Price gouging law now in effect in S.C. after declarations of emergency
COLUMBIA, S.C. (WIS) - The South Carolina Attorney General’s Office announced Friday that the state’s law against price gouging is now in effect.
According to officials, the law would have gone into effect following a declaration of emergency from either Gov. Henry McMaster or President Donald Trump.
According to state law, it is unlawful to “rent or sell or offer to rent or sell a commodity at an unconscionable price.” The law will remain in effect until the declaration ends.
“We can expect normal price increases, but we may see businesses and individuals looking to unfairly take advantage of the situation through price gouging of things like hand sanitizer, cleaning supplies, toilet paper, and other commodities as defined by the statute,” Attorney General Alan Wilson said in a statement. “By our law, that’s a criminal violation and an unfair trade practice,” Wilson said. “We wish to emphasize, as we have seen in the past, that price gouging under the current law is difficult to prove, even substantial price increases. What might seem large to the public may not be illegal in court.”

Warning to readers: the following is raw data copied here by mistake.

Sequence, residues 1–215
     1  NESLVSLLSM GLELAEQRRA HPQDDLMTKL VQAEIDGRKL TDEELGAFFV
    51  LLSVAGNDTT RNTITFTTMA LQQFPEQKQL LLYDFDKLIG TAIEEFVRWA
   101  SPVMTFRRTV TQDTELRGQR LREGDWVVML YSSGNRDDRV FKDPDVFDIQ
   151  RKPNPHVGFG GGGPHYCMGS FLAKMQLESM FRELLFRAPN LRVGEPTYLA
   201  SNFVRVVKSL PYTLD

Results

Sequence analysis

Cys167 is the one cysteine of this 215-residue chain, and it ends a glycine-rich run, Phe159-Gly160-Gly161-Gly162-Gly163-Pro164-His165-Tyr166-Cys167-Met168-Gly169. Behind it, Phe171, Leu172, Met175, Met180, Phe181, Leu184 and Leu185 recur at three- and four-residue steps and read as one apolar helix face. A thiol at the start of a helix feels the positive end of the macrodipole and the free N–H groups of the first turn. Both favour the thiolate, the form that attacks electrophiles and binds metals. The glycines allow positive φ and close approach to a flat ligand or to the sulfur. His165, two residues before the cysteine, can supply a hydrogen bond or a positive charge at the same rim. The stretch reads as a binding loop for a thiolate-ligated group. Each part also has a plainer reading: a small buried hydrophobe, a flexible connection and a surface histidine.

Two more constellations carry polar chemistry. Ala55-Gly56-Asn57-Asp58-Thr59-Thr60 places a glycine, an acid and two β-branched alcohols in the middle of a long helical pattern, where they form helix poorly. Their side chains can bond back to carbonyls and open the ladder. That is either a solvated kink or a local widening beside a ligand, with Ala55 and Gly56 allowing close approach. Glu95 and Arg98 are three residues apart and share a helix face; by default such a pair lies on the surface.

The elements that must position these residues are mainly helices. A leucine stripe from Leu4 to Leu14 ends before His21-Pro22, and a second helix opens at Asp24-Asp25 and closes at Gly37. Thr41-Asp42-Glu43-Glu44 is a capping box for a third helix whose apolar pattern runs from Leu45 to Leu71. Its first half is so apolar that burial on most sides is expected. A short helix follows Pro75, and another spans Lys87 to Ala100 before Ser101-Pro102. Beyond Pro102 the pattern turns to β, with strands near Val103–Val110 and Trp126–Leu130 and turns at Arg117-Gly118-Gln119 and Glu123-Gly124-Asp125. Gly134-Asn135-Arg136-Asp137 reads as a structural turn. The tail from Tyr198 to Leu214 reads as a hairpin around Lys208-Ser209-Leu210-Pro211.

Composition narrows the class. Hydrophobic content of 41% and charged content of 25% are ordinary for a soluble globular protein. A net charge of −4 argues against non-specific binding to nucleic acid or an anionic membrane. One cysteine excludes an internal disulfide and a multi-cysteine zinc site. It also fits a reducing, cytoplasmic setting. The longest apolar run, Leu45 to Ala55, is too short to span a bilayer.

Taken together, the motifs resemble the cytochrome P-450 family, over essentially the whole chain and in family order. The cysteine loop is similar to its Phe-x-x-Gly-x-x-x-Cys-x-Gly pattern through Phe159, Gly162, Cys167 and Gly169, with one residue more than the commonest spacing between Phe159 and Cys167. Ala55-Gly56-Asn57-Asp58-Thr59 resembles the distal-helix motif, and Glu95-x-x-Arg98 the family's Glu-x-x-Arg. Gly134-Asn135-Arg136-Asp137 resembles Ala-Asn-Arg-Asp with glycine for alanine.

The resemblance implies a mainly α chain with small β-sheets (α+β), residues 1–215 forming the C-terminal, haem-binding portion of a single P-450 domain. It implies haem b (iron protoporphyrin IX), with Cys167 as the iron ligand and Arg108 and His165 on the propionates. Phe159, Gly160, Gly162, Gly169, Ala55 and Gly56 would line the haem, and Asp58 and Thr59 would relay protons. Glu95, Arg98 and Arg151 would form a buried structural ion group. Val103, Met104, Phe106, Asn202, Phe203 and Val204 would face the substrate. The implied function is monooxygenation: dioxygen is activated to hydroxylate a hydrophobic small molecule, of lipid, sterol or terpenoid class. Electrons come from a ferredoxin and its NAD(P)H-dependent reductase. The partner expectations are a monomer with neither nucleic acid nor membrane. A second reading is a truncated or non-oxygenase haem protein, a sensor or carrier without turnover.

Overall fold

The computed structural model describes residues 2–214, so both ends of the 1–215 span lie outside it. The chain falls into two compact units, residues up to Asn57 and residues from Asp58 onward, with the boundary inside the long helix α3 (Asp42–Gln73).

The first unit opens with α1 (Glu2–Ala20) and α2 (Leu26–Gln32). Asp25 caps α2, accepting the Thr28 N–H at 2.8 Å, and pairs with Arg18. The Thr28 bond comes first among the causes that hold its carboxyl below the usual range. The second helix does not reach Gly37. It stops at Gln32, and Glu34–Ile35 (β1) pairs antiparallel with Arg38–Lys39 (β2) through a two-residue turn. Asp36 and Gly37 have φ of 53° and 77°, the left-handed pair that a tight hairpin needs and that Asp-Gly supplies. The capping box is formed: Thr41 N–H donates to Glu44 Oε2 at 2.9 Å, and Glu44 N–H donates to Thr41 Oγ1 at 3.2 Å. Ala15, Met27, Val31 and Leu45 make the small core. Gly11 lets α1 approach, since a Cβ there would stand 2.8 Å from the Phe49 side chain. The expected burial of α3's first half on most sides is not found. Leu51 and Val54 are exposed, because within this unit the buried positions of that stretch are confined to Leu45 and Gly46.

Anyone who is found guilty of violating the state’s price gouging law will be fined up to $1,000, serve up to 30 days in jail, or both.
Officials with the Attorney General’s Office urge anyone who believes they are a victim of price gouging to take the following steps:
- Note the time, place, address, and name of the business
- Note the price you paid
- Note any prices nearby and get the same information on those businesses
- Take pictures that identify the business, along with the price
- Provide your name and contact information
Provide the above information to the Attorney General’s Office so a thorough investigation may be started. Do that by emailing firstname.lastname@example.org or calling 803-737-3953.
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